The Madera Tribune

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Critics keep pressing city officials; recall is threatened

February 9, 2018

DJ Becker/The Madera Tribune
Mayor Andy Medellin, speaks with Velvet Rhoads (back to camera) and other protesters calling for Medellin’s recall outside City Hall on Wednesday night.

Madera City Council members were met on the steps of City Hall Wednesday night by a television crew and a group of protesters holding recall signs as the council members gathered for a regularly scheduled council meeting.

A check with the county election office indicated no recall papers had been pulled.

Some 40 people filled the council chamber.

The effort to recall Mayor Andy Medellin had been threatened in several previous council meetings as far back as December, as  residents called for  reductions in the salaries paid to city department heads, and for an independent investigation of city finances after salaries higher than surrounding cities, or even the governor of California, who earns about $180,000, were exposed.

Printing company owner Velvet Rhoads said the group didn’t want to do a recall but she felt residents were not being listened to at previous council meetings. “We felt we were up against a wall. I had a lot of confidence in the mayor about five years ago, but that has dwindled ... to now I have no confidence in him. We will start at the top and go down (the council with recalls) if we have to.” she said as others nodded in agreement.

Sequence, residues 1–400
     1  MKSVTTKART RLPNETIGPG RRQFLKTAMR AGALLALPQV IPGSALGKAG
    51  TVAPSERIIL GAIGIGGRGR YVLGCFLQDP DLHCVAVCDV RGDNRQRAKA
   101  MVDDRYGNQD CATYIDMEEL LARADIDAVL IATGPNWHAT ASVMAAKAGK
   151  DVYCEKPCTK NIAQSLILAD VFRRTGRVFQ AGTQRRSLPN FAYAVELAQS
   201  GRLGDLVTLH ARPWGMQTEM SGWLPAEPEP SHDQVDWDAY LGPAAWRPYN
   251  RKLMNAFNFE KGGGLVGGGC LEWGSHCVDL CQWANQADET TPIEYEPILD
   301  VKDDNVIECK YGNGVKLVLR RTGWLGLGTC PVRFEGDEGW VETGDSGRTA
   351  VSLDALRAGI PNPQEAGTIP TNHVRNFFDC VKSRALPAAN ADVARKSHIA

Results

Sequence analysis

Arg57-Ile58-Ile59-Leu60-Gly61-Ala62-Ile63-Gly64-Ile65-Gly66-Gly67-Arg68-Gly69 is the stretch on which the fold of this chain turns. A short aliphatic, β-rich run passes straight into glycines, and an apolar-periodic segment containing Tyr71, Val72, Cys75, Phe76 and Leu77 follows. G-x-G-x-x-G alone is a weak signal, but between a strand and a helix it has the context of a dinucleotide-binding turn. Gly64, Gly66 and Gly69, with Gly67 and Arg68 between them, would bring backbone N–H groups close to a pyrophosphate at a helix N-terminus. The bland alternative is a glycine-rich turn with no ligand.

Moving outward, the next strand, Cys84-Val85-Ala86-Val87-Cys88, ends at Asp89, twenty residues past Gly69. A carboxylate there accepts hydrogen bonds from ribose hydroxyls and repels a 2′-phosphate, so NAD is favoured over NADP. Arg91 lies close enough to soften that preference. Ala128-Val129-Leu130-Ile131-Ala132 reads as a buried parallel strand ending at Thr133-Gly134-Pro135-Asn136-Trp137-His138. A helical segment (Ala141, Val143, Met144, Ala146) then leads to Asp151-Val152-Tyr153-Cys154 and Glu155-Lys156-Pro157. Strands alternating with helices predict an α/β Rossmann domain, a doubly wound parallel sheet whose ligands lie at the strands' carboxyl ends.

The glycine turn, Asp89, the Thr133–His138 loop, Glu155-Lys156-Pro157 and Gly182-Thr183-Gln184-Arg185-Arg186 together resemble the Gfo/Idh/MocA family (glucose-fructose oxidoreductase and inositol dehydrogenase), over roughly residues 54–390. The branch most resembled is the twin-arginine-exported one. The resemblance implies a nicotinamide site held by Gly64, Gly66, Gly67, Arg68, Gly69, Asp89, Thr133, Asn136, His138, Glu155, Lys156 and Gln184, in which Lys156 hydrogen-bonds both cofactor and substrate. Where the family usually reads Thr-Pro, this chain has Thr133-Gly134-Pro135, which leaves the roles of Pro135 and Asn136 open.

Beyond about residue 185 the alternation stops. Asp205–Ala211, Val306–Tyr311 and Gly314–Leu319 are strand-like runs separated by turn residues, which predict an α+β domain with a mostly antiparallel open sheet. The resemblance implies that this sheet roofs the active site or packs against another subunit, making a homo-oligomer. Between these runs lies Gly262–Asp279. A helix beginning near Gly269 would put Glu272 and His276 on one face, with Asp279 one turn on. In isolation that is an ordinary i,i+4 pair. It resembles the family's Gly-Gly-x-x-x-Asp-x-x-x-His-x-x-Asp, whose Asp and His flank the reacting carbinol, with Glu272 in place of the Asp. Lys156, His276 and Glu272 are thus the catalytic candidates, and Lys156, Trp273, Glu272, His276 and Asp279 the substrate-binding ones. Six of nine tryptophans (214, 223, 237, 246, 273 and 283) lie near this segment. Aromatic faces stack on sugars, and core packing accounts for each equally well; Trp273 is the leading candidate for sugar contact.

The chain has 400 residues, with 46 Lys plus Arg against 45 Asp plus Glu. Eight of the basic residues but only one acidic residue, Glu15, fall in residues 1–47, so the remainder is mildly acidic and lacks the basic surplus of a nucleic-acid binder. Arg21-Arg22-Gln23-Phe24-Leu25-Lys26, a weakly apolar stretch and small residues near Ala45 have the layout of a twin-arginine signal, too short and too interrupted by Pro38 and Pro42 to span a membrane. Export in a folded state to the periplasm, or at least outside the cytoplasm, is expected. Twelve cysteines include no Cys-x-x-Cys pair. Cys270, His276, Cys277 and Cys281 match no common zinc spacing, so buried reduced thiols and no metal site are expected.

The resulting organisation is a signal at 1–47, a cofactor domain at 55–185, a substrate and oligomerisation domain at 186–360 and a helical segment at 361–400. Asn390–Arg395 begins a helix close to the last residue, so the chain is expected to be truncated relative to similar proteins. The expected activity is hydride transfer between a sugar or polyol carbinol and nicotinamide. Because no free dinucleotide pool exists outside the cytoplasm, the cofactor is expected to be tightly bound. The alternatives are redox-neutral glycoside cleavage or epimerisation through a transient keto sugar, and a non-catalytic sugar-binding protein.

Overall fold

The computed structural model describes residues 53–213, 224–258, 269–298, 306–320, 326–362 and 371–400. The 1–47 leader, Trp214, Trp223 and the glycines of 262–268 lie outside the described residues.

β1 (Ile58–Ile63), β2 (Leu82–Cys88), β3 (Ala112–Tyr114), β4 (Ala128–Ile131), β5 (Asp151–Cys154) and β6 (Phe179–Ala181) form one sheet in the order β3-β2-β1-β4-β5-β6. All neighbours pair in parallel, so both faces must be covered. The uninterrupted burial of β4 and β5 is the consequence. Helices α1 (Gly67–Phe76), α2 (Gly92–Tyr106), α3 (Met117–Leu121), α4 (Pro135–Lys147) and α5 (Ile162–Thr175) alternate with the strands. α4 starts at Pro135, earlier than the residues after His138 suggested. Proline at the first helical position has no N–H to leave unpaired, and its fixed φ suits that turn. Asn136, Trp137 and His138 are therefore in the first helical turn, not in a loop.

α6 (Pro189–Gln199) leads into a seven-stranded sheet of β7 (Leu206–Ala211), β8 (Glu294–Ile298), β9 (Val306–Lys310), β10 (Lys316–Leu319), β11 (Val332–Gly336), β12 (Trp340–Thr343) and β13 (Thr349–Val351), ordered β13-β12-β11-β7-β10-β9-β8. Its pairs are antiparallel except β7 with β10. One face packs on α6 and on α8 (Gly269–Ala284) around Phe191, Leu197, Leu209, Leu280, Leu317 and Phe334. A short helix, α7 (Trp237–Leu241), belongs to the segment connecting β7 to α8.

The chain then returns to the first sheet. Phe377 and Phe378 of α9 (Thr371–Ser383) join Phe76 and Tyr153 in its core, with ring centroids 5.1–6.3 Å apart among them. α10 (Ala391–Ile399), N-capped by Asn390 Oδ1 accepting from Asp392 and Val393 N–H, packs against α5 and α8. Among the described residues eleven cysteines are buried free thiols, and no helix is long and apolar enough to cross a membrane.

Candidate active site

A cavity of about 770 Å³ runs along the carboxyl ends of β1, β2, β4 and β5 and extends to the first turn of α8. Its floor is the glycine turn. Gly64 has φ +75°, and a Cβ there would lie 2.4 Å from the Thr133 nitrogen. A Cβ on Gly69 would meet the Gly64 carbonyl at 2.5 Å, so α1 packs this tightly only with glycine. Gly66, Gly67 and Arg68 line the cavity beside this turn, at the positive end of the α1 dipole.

The salary raises in question had happened on Medellin’s watch, Rhoads said, “in 2015, 2016, and 2017, and the trust is gone. Where in private business would you be giving those 19, 25 and 43 percent pay raises? Other than the city of Madera?  It’s not feasible to continue this kind of spending in one of the poorest communities,” said Rhoads. “This city manager, before he resigned or was pushed out, was making upwards of ... $337,000, with benefits. No city manager in the Central Valley should be making over $170,000. And the interim city manager, Steve Frazier, is a city cop. He is not qualified to extrapolate wages, retirement issues, etc., and he is especially not qualified to be paid the rate of $21,000 a month. We want transparency and to save this city (from fiscal collapse).” Rhoads said, and rolling back the huge executive salaries would set the right example for the $1.8 million dollar deficit the city was currently facing.

Was the city also borrowing from Measure K public safety funds for other salaries, she wondered, and she suggested that also needed to be looked into.

Those salaries make the city responsible for higher pension contributions, as well, according to city financial advisors.

Kay Rhoads, Velvet Rhoads’ mother and business partner, spoke on the subject during the public comment portion of Wednesday’s meeting when she said, “I was here three weeks ago and requested an independent investigation looking into the city’s huge deficit. After we left (last month) you appointed yourselves as the committee to oversee an internal investigation, not an outside agency. Well, I said I would be back and we are not letting this go ... We want the investigation, and the salaries of your department heads rolled back to 2013. You have not been transparent! You are expecting the citizens of Madera, one of the poorest cities in the San Joaquin valley with a MediCal rate of 65 percent to pay for your mistakes, and your incompetence, I might add. You want to increase water rates while your department heads reap the highest salaries and benefits in the valley. Some salaries well over $300,000 (in salary and benefits) a year. These were from the Transparent California website for 2016. I don’t know what 2017 is, but I am sure it didn’t go down ...” she said as the crowded room broke into applause.